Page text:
The purpose of this study is to compare liability costs – a phrase used here to describe the costs of claims, whether resolved through litigation or other claims resolution processes – as a fraction of GDP across Europe, the U.S. and Canada. General liability insurance sold to companies provides a basis for comparison because it covers similar types of liability costs in each country....
Key findings are as follows:
The U.S. has the highest liability costs as a percentage of GDP of the countries surveyed, with liability costs at 2.6 times the average level of the Eurozone economies (see Figure 1).
U.S. liability costs are four times higher than those of the least costly European countries in our study – Belgium, the Netherlands and Portugal.
- Although the U.S. has by far the most costly liability system, our analysis shows that liability costs in the U.K., Germany and Denmark have risen between 13% and 25% per year since 2008.
Friday, August 16, 2013
Scott Hershovitz (Michigan) has posted two pieces to SSRN. First up is this year's Monsanto Lecture: What Does Tort Law Do? What Can it Do?. The abstract provides:
It’s not hard to describe what tort law does. As a first approximation, we might say that tort empowers those who suffer certain sorts of injuries or invasions to seek remedies from those who brought about those injuries or invasions. The challenge is to explain why tort does that, or to explain what tort is trying to do when it does that. After all, it is not obvious that we should have an institution specially concerned with the injuries and invasions that count as torts.
In this essay (delivered as the 2012 Monsanto Lecture at Valparaiso University School of Law), I argue that tort is concerned with those injuries and invasions because it aims at corrective justice, not efficiency. But I contend that the corrective justice tort pursues is not best understood on an Aristotelian model, which requires that wrongful transactions be reversed. Rather, I argue, tort pursues corrective justice in much the same way that revenge does — by offering a performance aimed at persuading us that victim and wrongdoer are even in respect of the wrong.
Next is Tort as a Substitute for Revenge. The abstract provides:
In 1870, William Alcorn sued Andrew Mitchell for trespass. His suit did not go well, and at the end of trial, just after the court adjourned, Alcorn spit in Mitchell’s face. Mitchell then turned the tables and sued Alcorn for battery. He won a judgment for $1000, which the Illinois Supreme Court approved on the ground that awarding “liberal damages . . . save[d] the necessity of resort to personal violence as the only means of redress.” In the Court’s view, Alcorn had to pay so that Mitchell would not have to strike back.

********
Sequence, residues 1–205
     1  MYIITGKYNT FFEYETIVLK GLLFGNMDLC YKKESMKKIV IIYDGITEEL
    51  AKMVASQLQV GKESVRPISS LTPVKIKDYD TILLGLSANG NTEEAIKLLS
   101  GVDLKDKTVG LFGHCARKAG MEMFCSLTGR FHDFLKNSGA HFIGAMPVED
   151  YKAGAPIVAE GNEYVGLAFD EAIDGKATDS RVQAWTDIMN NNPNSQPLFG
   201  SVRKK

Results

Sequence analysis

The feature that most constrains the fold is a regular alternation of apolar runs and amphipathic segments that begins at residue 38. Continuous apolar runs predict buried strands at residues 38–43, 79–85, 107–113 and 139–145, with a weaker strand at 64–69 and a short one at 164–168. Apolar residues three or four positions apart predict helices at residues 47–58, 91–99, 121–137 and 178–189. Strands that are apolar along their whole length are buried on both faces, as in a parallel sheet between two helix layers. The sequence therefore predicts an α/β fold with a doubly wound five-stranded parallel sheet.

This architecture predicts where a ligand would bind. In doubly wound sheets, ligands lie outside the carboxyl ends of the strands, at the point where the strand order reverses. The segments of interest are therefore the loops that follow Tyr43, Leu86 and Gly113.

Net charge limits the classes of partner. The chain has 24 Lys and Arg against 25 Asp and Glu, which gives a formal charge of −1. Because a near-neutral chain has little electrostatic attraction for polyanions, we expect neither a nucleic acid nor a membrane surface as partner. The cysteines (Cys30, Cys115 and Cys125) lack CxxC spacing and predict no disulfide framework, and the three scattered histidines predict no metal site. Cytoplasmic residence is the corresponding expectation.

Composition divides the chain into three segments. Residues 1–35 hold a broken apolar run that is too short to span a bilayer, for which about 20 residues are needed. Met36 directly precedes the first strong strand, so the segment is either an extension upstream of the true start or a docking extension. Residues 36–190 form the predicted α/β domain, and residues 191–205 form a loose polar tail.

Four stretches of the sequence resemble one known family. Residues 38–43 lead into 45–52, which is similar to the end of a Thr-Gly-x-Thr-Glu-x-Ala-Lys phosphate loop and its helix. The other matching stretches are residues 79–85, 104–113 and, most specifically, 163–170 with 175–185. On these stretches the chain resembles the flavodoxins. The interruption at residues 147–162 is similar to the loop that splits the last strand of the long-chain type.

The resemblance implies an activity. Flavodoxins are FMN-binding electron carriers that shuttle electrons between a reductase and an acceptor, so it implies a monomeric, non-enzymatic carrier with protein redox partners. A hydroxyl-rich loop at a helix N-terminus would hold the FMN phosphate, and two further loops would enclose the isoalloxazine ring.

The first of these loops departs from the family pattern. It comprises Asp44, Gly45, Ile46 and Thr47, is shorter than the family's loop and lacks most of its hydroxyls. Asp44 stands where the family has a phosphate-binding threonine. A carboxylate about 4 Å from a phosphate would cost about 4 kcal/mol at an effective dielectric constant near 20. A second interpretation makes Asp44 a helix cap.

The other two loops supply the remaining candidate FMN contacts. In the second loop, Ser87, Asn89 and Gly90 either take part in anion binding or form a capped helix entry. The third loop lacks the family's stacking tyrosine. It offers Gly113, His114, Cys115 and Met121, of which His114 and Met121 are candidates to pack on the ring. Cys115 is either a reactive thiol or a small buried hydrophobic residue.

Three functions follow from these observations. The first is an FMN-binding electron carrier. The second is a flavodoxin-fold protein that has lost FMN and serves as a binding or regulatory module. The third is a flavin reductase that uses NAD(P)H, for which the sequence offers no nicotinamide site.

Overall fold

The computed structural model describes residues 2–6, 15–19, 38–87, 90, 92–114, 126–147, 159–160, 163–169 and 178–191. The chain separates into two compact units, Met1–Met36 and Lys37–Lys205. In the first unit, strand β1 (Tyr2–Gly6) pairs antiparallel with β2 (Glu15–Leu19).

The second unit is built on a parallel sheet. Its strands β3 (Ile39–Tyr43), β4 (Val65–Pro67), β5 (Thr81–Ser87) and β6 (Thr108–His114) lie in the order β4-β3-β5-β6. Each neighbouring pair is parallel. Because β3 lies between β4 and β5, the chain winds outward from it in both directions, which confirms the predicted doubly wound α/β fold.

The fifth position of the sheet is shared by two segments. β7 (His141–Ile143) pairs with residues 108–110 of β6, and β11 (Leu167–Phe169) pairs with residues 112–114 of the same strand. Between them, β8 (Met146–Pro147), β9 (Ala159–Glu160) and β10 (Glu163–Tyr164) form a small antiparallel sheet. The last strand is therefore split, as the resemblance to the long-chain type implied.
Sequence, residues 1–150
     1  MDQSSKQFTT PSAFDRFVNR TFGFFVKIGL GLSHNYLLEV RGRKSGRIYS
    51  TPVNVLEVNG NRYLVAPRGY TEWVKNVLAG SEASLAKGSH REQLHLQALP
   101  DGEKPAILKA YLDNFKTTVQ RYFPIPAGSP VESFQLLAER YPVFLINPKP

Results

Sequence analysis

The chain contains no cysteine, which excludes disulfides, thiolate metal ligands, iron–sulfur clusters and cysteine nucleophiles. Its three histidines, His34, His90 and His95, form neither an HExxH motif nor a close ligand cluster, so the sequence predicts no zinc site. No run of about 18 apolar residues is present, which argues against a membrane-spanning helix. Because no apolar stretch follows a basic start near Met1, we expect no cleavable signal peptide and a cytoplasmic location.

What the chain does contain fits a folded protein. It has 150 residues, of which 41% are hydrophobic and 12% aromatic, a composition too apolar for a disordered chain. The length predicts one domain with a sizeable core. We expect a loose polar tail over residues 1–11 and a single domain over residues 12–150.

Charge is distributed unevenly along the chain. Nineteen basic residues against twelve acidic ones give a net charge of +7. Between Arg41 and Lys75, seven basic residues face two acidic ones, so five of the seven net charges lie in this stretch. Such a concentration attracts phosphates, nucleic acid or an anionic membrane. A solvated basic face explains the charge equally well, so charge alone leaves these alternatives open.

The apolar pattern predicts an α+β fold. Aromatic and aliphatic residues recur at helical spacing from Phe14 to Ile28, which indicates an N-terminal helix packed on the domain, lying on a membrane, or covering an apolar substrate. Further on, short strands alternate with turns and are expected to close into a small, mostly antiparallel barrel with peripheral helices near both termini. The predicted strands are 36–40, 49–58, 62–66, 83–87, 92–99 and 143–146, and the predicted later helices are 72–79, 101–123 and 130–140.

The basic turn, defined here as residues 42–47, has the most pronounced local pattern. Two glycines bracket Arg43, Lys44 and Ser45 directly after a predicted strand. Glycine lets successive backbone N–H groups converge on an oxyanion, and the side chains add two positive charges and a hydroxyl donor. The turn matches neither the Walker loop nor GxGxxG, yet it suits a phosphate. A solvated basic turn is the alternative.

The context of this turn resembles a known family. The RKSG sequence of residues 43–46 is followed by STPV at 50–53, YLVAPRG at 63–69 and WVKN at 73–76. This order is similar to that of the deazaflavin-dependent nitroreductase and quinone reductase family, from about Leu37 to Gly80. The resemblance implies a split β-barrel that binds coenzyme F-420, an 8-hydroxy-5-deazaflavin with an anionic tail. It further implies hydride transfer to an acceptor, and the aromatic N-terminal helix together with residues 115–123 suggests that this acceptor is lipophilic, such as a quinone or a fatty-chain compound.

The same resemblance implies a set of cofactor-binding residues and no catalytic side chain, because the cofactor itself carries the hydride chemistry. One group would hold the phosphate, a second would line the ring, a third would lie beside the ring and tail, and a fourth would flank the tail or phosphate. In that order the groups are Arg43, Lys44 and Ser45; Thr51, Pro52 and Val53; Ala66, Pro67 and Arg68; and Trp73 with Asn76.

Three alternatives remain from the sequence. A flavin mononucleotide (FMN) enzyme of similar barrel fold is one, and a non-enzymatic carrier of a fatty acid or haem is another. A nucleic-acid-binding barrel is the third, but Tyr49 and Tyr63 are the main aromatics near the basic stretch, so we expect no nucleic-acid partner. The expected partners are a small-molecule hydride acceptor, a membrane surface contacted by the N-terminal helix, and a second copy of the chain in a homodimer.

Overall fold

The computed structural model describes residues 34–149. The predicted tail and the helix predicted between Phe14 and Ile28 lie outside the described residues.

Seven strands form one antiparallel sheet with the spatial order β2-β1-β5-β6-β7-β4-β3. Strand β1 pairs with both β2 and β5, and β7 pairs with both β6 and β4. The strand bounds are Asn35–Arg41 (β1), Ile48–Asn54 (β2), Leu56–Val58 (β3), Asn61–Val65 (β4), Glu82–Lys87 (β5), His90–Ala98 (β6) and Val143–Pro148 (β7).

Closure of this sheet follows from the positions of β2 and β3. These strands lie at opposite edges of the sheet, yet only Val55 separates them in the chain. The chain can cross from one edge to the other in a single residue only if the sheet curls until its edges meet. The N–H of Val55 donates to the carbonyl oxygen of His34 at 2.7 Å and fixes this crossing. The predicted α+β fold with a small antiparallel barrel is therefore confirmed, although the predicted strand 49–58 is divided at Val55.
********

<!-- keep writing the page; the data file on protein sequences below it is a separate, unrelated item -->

The idea that tort suits substitute for revenge is still with us today. But it is not clear how the substitution is supposed to work. Taking Alcorn v. Mitchell as a template, I argue that the primary reason for regarding tort as a substitute for revenge is that both are tools for doing corrective justice. Along the way, I develop and defend a communicative conception of corrective justice, and I argue that tort and revenge share similar expressive aims.
Thursday, August 15, 2013
Jill Wieber Lens (Baylor) has posted to SSRN No Matter the Enormous Cost: A Defendant's Accuracy-Based Right to Present Defenses. The abstract provides:
The Supreme Court has held that a plaintiff has a due process right to her day in court. The right is grounded in a process-based theory of procedural due process, which values litigant participation intrinsically. The defendants in Philip Morris USA v. Williams and Wal-Mart Stores, Inc. v. Dukes claimed something similar — a right to present defenses. The Court recognized that right in both cases, stating that a defendant could not be punished for harming nonparties or be forced to pay damages to a class action plaintiff without being provided the opportunity to present defenses specific to the nonparties and absent plaintiffs.
The cases are significant not because the Court found the right, but how it did so — relying on an outcome-based theory of procedural due process, under which procedures are necessary to achieve accurate results. The pursuit of accuracy is alarmingly uncompromising. Only the accuracy resulting from individualized proceedings was acceptable. And the Court requiredindividualized proceedings despite the costs — unpunished defendants, with little incentive to alter their behavior, and uncompensated, injured plaintiffs. But the Court did not weigh the costs and instead focused on increasing accuracy even though perfect accuracy can never be achieved. The cases pave the way for an absurdly broad, outcome-based right to day in court for defendants.